Chinese Yo-Yo : Diabolo

Posted by Charlie @ Discovering Mandarin Wednesday, 12 August 2009
The Chinese yo-yo (扯鈴 : chě líng) is a toy from China found dating back to the Ming dynasty; roughly 1386-1644 A.D. The Chinese yo-yo consists of two equally-sized discs connected with a long axle. It is kept spinning on a string tied to two sticks at either end. Each stick is held in one hand, and the yo-yo spins on the string inbetween.

In modern times, it is more commonly used as a children's toy and as a performance tool in juggling and sometimes in Chinese ethnic dance. It is possible to perform a large variety of tricks with the Chinese yo-yo which can be as easy as throwing the yo-yo up into the air or tossing it around the user's back.




The Chinese yo-yo has travelled around the world and even adapted to become a craze in the West, where it is called a diabolo in the UK and US and is commonly misspelled as diablo.

The diabolo is usually made of a rubbery plastic and is fairly flexible as opposed to its Chinese counterpart which was traditionally bamboo (although this made complex tricks difficult as it was so fragile) though more recently it's adapted a hard grooved plastic, much harder than we are used to with diabolos.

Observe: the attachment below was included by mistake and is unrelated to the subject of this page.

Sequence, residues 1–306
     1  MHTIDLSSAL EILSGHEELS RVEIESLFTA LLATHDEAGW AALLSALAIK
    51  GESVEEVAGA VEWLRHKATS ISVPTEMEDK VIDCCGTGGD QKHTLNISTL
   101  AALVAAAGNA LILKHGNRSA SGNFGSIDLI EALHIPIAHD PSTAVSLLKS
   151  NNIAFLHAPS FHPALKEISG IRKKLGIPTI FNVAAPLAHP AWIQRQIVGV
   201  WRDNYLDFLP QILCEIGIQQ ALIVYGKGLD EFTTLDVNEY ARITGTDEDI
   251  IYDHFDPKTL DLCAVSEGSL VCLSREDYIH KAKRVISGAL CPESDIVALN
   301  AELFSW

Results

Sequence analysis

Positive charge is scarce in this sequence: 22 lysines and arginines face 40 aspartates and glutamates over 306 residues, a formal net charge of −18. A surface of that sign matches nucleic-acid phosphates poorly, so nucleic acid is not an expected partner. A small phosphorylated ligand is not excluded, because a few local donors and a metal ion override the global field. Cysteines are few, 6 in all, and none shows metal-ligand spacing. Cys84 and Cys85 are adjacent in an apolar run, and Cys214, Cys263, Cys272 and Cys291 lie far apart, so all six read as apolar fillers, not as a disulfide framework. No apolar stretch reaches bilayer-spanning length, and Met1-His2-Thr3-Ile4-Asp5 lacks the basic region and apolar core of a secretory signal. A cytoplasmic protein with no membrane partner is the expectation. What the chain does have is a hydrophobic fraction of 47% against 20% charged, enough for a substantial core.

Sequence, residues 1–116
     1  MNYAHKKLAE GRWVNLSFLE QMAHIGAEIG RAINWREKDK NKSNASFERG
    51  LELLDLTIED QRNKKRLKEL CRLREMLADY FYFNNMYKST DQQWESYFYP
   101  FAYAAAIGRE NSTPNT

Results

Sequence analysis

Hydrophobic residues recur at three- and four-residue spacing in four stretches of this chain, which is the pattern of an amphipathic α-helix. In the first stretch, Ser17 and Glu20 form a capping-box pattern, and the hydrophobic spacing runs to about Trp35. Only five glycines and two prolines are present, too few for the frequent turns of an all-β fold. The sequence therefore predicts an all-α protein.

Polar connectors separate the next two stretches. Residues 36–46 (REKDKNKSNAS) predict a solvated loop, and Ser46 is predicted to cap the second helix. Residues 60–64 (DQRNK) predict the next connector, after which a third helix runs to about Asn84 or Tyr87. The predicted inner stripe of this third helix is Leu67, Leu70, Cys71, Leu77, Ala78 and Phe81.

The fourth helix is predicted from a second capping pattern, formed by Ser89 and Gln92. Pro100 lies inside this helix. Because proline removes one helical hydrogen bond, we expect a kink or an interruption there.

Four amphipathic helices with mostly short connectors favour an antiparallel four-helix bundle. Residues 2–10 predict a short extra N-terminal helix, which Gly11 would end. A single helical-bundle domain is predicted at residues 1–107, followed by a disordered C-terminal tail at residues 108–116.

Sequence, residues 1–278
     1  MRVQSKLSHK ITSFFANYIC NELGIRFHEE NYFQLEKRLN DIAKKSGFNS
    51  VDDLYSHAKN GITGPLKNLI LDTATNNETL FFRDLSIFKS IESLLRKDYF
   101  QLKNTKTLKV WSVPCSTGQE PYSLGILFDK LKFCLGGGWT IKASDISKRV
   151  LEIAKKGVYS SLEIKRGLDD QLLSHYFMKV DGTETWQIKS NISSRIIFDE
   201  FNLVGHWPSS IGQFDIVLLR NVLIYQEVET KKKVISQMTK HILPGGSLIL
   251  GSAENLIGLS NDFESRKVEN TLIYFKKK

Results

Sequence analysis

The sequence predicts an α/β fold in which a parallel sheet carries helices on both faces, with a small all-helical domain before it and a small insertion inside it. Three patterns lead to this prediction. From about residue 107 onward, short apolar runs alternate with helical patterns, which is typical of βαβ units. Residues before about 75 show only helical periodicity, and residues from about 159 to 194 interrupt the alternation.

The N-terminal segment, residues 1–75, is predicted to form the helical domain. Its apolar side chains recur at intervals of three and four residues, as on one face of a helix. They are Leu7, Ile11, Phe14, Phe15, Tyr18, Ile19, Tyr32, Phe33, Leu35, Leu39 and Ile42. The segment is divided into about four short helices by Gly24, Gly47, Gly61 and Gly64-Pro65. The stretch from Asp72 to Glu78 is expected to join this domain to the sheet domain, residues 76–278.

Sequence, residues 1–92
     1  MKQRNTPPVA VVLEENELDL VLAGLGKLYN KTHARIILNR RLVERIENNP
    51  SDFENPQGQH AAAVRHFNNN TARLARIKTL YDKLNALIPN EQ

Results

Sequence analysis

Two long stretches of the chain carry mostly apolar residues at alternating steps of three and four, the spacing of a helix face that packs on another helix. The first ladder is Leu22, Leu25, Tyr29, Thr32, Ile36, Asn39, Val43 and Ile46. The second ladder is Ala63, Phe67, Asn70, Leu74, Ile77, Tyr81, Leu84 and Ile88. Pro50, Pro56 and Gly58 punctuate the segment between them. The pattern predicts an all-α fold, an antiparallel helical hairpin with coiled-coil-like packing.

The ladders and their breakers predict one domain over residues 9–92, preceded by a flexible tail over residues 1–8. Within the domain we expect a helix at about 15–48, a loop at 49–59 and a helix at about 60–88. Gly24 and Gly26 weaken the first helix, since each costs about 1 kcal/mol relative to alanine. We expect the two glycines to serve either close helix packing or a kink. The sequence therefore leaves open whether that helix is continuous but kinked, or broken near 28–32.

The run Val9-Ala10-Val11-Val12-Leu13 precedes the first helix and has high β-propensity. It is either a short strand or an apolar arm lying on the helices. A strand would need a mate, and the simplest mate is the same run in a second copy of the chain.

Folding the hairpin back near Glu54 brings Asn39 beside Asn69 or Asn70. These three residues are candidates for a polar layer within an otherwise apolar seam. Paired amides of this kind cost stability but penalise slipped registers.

Aside the material, there are two main differences between the Chinese yo-yo and the diabolo. Firstly, the axle of the Chinese yo-yo is much longer than that of the diabolo. And secondly, the Chinese yo-yo has wheel-shaped discs, whereas the diabolo consists of two bell-shapes.

Some circus acts have adapted Chinese yo-yo within routines, Cirque du Soleil in their show Quidam had four young girls performing the Chinese yo-yo, incorporating backflips, dance and choreographed synchronisation of multiple Chinese yoyos. Culminating in the four young ladies clad in futuristic, silver-metallic dresses twirling them through the air while the acrobats themselves perform flips. I include a video of them performing from that show.




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3 comments

  1. There's another ancient Chinese toy called 踺子.
    I don't even know its English name...

    Have a look...

    hxxp://www.56.com/w97/play_album-aid-620_vid-ODU4NzIw.html

     
  2. http://www.56.com/w97/play_album-aid-620_vid-ODU4NzIw.html

    that is interesting. looks like a fluffier and lighter version of this.

    http://www.youtube.com/watch?v=wKbiKnHJ01g&feature=related

    :)

     
  3. Ha ha.... Similar technique!
    Bit like football tricks.

    踺子is very popular in China.

     

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